Robots in Japan: What’s the Rumpus?
SNA (Tokyo) — Host Michael Penn interviews journalist and book author Tim Hornyak and learns why the Japanese really love their robots.
Penn: Hello, I’m Michael Penn. This is our inaugural episode of What’s the Rumpus? Thank you for joining us. We’re here in The Pink Cow restaurant in central Tokyo, Roppongi District, and my guest for today is Mr. Tim Hornyak. Thank you for coming.
Hornyak: My pleasure. Thanks for having me.
Penn: We’re really happy you’re here.
Hornyak: Congratulations on your new show. I hope it will be a great success.
Penn: I hope so too. We have many challenges to overcome, but if we can overcome them, then maybe it will turn out alright. Our theme for today is “Robots in Japan.” Why don’t you tell us a little bit about why you are somebody that we should be talking about the subject with?
Hornyak: I have been following the robot scene in Japan for a long time. About ten years ago, I wrote this book called Loving the Machine, and it’s a look at why Japanese people love robots, and why they don’t run in fear from robots like some people do. The essence of the book traces the history of robots in Japanese science fiction, and also elements of animism in Japanese religion and culture. It combines them to explain why robots have been so popular as friends and helpers in Japan.
Penn: That’s kind of interesting. How would you compare the robot scene in Japan to what’s going on internationally? Are they further advanced, and why is it that Japan has this special link to robots in people’s minds?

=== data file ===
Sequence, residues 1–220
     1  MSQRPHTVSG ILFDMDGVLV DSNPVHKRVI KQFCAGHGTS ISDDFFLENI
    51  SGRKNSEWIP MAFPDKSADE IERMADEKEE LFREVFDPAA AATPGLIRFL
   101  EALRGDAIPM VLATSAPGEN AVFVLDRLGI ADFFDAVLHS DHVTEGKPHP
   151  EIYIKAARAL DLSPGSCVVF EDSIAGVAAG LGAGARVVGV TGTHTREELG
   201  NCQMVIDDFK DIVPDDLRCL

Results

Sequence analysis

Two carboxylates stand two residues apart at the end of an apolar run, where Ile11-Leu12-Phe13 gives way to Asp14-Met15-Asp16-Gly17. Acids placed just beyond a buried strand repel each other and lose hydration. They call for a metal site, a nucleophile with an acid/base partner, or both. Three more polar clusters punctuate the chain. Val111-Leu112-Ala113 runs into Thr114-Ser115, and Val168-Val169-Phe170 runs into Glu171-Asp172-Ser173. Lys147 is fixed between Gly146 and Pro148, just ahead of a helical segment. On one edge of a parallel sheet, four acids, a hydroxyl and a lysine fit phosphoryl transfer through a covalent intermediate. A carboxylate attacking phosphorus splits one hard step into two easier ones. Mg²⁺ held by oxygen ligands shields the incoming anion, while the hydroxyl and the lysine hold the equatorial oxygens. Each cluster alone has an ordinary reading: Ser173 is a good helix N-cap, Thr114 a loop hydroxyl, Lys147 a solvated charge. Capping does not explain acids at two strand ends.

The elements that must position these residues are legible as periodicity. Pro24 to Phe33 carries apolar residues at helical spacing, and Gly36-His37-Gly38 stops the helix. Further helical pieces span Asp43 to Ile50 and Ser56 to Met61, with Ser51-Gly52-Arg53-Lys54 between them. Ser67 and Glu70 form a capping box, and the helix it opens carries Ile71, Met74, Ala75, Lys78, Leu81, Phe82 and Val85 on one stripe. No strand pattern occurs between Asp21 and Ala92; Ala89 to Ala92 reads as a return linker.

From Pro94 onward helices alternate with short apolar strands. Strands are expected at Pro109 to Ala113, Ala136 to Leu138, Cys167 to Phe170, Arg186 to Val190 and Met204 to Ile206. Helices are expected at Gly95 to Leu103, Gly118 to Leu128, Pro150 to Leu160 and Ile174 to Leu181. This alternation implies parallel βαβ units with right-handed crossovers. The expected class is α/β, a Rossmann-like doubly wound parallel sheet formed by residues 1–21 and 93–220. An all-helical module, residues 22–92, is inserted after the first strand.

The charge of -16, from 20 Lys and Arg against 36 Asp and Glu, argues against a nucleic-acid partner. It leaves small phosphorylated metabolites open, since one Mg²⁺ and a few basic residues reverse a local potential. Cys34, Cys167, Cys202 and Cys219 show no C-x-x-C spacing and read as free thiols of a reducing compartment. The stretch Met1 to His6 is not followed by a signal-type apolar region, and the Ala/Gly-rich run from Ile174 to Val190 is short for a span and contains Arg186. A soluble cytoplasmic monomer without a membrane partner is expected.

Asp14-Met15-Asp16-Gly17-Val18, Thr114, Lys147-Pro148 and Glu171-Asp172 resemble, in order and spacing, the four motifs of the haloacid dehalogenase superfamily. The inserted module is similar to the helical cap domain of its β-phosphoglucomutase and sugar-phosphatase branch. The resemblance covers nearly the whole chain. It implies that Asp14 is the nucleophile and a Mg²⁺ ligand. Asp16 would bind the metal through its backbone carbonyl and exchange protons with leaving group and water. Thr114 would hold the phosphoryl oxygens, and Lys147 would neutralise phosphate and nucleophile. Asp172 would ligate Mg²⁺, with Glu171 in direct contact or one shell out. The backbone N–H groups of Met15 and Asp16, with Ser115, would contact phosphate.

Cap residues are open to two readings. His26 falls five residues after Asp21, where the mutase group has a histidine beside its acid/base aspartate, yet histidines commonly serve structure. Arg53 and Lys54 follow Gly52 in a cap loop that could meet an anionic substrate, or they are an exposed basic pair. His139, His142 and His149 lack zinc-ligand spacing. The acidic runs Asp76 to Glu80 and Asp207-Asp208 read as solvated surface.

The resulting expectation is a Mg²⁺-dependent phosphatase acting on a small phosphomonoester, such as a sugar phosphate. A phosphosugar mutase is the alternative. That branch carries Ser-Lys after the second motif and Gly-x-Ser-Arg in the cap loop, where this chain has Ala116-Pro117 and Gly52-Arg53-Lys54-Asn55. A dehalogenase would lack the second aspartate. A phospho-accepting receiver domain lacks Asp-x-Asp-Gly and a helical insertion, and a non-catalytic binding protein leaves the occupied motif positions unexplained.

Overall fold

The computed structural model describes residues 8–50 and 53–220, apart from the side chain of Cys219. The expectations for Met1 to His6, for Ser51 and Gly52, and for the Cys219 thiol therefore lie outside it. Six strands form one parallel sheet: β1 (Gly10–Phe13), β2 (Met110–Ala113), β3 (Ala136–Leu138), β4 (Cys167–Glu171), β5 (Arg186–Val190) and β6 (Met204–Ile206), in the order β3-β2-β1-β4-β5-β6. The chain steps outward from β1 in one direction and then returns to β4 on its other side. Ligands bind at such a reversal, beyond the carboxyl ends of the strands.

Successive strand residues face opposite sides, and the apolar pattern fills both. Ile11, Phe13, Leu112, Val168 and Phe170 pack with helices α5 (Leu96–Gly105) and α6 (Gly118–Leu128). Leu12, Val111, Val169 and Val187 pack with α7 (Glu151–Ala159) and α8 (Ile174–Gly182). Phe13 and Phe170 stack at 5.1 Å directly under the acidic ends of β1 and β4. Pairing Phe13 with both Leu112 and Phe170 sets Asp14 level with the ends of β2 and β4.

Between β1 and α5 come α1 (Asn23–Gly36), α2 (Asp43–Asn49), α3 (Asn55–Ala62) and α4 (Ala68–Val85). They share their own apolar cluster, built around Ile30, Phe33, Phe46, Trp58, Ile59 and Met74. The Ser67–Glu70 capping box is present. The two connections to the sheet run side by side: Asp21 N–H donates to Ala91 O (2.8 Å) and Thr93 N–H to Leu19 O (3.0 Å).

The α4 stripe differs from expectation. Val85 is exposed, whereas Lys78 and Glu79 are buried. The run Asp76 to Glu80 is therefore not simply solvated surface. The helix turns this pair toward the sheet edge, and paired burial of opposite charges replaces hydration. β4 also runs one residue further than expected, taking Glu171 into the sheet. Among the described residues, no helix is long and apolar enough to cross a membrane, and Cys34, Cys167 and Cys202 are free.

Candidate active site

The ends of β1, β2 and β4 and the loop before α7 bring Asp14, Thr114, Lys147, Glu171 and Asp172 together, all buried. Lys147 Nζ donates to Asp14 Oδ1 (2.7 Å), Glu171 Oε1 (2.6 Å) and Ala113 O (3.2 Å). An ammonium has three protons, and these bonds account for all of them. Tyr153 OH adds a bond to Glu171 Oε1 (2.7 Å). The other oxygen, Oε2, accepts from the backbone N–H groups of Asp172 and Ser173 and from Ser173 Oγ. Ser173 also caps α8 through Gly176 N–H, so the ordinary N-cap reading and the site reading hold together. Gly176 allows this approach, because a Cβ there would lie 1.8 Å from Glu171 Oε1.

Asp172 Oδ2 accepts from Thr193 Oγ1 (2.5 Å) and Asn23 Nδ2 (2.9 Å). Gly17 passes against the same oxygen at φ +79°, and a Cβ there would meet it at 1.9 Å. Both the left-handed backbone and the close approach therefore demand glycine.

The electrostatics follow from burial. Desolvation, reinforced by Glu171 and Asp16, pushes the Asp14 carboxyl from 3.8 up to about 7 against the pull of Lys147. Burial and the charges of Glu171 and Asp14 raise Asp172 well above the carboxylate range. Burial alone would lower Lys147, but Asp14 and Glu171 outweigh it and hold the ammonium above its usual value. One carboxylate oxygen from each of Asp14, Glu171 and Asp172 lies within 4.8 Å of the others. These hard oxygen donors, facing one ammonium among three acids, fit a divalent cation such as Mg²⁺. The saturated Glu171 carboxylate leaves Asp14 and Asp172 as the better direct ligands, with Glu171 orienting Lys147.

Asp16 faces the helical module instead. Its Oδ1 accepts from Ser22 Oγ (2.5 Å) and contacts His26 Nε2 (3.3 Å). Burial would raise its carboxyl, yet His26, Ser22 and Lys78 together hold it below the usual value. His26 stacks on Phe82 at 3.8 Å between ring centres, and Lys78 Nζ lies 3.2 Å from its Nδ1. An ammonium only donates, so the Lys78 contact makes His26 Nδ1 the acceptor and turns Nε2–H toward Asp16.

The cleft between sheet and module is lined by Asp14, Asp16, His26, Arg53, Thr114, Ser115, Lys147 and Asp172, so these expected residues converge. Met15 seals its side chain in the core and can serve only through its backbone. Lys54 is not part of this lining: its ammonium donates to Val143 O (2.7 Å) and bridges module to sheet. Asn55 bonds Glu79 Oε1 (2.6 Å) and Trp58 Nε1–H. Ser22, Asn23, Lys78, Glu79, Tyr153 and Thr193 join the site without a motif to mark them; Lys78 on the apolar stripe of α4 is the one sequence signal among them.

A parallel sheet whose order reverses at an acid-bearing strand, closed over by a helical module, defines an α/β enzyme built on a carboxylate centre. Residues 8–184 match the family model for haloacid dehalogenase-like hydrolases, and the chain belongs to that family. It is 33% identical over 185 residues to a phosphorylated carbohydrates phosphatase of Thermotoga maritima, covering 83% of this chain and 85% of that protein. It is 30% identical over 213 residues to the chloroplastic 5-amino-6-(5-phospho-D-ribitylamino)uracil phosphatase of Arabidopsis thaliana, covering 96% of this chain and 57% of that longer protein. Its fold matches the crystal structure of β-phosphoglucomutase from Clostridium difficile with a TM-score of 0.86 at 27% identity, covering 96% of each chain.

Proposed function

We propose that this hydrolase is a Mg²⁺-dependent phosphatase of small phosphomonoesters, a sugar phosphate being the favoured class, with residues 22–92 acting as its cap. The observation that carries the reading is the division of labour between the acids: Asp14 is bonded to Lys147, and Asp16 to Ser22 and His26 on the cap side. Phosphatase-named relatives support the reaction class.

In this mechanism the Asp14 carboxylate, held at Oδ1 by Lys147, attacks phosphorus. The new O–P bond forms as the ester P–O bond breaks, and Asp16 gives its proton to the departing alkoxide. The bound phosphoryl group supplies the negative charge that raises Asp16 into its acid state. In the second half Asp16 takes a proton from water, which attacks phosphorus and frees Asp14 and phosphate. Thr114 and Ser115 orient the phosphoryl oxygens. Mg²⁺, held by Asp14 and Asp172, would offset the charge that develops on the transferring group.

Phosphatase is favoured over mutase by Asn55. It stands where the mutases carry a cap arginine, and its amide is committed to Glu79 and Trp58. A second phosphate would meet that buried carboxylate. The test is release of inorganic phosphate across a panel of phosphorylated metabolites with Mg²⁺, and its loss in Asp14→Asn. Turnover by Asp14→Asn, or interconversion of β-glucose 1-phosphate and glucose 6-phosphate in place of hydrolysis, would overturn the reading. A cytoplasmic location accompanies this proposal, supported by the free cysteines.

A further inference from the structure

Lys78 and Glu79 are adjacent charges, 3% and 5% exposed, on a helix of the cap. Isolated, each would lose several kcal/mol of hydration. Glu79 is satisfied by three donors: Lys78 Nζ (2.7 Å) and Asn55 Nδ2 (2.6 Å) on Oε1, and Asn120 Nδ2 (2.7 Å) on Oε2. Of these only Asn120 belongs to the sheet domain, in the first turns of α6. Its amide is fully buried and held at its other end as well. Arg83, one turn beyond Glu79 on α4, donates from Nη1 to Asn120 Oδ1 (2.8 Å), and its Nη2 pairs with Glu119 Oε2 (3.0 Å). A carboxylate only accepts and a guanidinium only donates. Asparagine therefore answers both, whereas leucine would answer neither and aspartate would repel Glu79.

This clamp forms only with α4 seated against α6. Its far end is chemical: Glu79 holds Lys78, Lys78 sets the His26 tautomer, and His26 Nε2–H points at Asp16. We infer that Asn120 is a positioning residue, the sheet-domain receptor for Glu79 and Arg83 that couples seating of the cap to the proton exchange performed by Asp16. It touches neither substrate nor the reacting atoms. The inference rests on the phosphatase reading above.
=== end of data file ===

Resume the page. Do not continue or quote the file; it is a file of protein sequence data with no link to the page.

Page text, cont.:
Hornyak: You have to read my book. Just kidding. I think that the robot scene in Japan is special because of the attitude of Japanese people toward robots, like I was saying before. Because they have positive, friendly, helpful, and heroic robots in Japanese science fiction, the most iconic of which is Astro Boy from the 1950s, that had a huge impact not only on science fiction itself in Japan, but real roboticists, real engineers who tried to build robots in the image of those science fiction prototypes like Astro Boy. So, it’s not surprising that maybe guys and girls who grew up with Astro Boy in their homes, in manga or anime form, later went on to work in places like Honda, which was committed to building a humanoid robot called Asimo that is still an impressively sophisticated humanoid robot. There’s a very important link that you can look at between the science fiction engendering real robots in Japan, whereas, if you look at science fiction in the West, it has more scary robots. The Terminator is the classic example of an iconic, Western sci-fi robot. Of course, you have robots like C-3PO that are friendly, but they are also sort of comical, and they’re not doing the same thing, let’s say, as Astro Boy is doing in his adventures. You have scary robots in the United States for instance, and friendly robots in science fiction in Japan for instance, but ironically, if you look at real robot development, it kind of mirrors science fiction. Like I was saying a minute ago, Asimo being created as a friendly robot helper, for people, whereas in the U.S., you see military funding going into robot development. Some scary military robots coming out of that. So it’s as if real robot development is unconsciously or consciously following that science fiction prototype I mentioned.